# If this limit exists can we conclude the following

Let $f:\mathbf{R}\to \mathbf{R}_{>0}$ be a "nice" function on $\mathbf{R}$ with positive values. (Let's say just continuous for now, but add anything you like.)

Let $a$ be a positive integer. Suppose that $$\lim_{t\to 0^+} \frac{f(t)}{t^a}$$ exists and equals a positive real number $L$. Can we conclude that there exists some constant $C>0$ such that $f(t) \leq C t^a$ for $t$ small enough? Moreover, can we take $C=L$??

Edited question. I'm only interested in the limit coming from the right.

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Presumably $a$ is even, or we only care about limit from the right. Yes, there is such a $C$. No, sometimes we cannot take $C=L$, though for any $\epsilon>0$ we can take $C=L+\epsilon$. – André Nicolas Oct 6 '11 at 20:37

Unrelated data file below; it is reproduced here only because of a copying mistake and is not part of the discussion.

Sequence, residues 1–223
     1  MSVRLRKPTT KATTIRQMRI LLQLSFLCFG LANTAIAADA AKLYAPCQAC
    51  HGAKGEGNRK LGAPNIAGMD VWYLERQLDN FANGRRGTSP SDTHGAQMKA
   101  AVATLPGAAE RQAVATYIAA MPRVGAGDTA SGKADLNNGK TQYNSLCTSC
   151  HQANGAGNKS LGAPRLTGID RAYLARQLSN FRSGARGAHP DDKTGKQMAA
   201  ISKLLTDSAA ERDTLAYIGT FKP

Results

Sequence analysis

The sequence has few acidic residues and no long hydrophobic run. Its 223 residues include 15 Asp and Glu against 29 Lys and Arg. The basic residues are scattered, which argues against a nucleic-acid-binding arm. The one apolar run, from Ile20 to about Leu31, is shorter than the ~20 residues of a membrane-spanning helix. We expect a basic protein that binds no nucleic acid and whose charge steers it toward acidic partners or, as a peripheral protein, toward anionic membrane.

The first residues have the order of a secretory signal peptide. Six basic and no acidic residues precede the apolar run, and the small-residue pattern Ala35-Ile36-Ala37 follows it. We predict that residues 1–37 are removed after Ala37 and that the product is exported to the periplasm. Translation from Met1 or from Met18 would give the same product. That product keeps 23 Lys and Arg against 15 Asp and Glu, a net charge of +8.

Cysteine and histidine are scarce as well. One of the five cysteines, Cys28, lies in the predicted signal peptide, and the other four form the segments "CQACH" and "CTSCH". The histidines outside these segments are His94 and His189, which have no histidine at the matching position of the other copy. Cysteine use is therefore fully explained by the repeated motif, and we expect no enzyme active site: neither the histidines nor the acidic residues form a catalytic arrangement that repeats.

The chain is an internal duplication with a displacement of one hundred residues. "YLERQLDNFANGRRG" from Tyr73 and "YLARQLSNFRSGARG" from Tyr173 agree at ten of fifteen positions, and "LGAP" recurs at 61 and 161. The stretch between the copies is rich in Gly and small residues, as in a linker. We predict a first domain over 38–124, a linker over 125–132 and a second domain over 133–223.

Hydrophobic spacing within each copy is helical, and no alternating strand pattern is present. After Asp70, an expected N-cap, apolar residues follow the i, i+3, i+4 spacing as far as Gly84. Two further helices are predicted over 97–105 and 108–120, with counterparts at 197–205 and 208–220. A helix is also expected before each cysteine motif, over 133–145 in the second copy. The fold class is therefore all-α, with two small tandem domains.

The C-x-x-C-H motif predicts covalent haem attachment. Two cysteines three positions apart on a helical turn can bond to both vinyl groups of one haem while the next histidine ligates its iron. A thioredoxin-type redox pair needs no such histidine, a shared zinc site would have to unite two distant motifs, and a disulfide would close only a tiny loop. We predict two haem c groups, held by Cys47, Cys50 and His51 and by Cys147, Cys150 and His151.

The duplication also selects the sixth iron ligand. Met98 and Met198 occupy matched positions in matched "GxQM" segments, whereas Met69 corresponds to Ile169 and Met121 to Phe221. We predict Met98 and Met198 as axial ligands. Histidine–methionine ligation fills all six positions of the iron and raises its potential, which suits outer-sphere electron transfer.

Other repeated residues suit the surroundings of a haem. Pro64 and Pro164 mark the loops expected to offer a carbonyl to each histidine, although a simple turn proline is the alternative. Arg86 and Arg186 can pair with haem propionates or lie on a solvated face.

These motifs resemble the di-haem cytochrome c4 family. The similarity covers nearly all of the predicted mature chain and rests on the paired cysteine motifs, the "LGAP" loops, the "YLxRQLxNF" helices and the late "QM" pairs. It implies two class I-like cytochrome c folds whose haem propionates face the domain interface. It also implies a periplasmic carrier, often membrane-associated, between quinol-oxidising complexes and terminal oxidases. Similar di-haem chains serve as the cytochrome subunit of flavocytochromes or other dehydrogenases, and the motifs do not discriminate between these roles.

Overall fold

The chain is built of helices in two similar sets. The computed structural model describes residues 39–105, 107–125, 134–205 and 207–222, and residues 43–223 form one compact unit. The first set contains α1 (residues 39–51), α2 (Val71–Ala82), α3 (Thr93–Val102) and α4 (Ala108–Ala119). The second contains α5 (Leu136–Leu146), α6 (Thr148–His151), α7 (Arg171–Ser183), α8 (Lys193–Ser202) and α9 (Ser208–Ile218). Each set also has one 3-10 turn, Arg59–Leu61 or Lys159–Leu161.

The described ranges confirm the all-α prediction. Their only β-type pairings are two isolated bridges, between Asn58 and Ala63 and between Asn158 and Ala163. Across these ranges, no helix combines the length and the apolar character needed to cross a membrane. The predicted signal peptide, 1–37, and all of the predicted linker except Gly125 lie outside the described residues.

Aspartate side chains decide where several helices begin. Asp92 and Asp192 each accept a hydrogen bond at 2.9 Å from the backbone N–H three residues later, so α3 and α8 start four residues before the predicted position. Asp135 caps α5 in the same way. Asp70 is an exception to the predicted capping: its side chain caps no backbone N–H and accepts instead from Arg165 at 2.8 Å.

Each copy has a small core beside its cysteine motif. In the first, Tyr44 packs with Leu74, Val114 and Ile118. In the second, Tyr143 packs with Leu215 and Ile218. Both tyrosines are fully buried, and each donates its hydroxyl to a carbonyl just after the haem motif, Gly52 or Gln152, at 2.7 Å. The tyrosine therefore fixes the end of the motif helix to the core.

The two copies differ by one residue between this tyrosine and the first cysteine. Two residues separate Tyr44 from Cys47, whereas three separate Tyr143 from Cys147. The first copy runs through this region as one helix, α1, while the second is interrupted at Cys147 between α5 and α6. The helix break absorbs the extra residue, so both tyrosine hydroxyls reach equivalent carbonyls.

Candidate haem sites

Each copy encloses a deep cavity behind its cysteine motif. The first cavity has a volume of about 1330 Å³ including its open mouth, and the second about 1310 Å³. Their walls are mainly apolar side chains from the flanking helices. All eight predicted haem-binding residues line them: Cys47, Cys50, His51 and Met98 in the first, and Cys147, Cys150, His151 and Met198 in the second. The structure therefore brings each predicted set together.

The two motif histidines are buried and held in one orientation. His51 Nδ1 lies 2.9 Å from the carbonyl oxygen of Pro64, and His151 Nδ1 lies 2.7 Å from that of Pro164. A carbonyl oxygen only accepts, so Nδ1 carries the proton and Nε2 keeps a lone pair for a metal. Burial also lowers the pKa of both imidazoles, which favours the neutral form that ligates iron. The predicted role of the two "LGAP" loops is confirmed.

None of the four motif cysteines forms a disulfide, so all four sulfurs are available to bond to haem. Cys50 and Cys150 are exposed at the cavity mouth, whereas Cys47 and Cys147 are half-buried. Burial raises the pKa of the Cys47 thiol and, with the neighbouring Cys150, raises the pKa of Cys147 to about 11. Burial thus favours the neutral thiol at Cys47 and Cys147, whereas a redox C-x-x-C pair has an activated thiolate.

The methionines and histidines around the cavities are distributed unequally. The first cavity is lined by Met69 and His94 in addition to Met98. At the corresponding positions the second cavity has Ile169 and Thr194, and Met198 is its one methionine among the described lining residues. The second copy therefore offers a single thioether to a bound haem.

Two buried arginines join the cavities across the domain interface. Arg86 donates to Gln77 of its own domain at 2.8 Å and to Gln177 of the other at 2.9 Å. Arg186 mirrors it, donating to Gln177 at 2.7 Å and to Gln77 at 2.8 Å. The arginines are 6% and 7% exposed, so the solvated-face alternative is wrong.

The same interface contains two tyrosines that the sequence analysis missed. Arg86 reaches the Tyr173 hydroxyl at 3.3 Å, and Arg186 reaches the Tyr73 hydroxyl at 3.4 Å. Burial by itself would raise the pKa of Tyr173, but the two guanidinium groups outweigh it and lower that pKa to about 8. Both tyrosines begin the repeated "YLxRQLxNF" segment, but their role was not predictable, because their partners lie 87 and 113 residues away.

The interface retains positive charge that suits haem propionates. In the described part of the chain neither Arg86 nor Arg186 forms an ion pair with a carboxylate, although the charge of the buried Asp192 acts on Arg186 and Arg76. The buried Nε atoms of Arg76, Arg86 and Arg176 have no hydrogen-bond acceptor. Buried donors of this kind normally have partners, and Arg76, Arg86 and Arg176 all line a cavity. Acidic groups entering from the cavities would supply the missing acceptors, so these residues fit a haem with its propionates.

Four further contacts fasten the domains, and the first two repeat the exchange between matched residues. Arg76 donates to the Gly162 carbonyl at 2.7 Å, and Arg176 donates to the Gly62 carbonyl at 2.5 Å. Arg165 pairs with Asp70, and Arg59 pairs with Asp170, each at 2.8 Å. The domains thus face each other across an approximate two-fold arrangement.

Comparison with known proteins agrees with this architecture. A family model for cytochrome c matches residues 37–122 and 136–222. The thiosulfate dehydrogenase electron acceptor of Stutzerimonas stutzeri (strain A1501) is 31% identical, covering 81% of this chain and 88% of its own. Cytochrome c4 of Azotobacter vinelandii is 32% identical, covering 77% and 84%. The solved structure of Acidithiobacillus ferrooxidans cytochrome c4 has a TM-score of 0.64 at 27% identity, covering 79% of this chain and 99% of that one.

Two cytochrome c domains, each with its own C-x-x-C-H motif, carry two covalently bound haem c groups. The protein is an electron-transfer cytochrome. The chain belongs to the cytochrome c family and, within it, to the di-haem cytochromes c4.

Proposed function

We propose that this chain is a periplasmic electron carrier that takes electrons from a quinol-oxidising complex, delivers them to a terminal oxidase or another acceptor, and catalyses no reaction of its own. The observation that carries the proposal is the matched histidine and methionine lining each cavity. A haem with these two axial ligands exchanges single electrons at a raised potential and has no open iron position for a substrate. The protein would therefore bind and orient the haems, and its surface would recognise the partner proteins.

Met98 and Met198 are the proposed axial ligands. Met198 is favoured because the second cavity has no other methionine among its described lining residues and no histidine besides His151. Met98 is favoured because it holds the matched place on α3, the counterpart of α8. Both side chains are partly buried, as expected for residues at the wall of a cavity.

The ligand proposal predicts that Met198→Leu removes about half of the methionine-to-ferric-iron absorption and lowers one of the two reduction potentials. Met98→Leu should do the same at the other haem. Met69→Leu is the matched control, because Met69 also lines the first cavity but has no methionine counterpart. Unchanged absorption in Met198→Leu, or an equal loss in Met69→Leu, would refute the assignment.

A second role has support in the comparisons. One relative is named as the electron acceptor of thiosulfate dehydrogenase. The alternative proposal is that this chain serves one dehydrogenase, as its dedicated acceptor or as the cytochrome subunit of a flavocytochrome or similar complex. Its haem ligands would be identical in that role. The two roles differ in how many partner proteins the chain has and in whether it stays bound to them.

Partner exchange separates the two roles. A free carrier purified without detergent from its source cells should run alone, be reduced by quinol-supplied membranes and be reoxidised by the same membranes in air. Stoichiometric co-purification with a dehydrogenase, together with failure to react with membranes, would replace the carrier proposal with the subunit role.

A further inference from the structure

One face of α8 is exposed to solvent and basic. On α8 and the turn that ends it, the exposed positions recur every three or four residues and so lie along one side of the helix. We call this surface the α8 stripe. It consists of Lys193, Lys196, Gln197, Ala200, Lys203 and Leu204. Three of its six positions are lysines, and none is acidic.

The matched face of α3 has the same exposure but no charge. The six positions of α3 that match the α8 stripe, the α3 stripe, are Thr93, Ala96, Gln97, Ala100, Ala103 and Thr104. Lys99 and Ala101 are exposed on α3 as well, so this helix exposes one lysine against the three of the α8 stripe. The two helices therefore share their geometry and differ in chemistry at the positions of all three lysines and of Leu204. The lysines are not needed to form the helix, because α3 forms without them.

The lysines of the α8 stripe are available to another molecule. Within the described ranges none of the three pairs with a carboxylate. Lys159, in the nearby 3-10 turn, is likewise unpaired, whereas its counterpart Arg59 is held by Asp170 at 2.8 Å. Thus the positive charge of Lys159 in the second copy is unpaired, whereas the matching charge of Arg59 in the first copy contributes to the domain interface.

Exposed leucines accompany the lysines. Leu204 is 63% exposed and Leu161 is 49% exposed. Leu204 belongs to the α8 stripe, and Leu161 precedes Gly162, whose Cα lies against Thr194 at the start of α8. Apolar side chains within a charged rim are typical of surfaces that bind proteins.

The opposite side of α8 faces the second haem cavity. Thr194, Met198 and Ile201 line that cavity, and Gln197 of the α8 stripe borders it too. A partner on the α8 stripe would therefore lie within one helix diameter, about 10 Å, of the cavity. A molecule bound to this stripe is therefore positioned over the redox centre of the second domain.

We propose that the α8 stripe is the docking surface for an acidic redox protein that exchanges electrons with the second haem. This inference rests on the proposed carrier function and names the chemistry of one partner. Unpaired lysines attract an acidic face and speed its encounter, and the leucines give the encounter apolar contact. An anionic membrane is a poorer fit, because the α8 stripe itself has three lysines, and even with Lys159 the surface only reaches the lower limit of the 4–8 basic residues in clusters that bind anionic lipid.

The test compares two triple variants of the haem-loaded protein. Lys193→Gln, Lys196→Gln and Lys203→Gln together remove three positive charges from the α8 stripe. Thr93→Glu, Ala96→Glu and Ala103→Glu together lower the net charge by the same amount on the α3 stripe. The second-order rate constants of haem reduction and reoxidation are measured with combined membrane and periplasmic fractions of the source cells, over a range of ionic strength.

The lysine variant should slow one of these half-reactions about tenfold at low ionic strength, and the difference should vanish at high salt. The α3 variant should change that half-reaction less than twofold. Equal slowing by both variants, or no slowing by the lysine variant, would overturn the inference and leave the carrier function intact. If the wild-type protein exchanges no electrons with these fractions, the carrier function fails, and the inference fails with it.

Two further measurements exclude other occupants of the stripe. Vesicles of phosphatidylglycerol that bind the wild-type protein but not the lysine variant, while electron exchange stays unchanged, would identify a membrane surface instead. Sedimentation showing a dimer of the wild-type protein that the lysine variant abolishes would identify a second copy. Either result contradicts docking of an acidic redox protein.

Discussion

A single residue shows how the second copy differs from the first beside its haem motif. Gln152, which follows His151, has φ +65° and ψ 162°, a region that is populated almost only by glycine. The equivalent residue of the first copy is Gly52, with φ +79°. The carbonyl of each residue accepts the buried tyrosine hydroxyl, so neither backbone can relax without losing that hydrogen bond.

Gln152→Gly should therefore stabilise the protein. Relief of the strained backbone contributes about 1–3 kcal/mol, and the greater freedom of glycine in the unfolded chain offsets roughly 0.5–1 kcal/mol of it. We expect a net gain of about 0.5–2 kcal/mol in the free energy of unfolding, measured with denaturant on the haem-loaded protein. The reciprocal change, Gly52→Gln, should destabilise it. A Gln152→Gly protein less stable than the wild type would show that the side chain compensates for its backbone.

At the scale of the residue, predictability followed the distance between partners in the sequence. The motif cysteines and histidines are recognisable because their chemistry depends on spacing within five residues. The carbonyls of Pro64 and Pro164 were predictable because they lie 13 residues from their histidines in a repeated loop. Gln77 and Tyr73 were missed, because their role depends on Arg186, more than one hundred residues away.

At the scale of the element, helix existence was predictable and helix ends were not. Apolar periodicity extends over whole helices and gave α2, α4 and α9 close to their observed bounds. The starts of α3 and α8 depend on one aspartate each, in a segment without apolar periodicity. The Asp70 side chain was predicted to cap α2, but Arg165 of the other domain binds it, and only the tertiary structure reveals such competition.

By the definition of the limit, you have: $f(t) = (L+e(t))t^a$ with $e(t)\to 0$ when $t\to 0$. That means that $e(t)$ is bounded close to $t=0$ and hence $f(t)\leq (L+\hat e)t^\alpha$ where $\hat e$ - an upper bound for $e(t)$ in some small neighborhood of $0$. That is about right-side limit - but maybe you want to know about the both-side one?
Btw, $C$ is not necessary can be equal to $L$, for example $a=2$ and $f(t) = t^2+t^4$.